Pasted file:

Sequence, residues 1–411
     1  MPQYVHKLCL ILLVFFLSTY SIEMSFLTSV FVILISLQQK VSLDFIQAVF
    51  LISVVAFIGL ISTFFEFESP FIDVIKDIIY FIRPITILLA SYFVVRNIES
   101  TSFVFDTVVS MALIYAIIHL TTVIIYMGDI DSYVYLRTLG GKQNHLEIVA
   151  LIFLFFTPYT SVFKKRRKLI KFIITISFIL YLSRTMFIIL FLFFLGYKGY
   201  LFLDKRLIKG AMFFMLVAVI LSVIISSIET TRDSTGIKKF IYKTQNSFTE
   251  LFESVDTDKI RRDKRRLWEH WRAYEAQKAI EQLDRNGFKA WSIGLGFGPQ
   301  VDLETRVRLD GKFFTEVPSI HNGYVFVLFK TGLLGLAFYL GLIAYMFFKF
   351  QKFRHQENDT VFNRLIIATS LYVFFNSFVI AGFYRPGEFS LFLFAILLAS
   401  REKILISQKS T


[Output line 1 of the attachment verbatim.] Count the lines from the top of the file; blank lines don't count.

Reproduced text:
Sequence, residues 1–411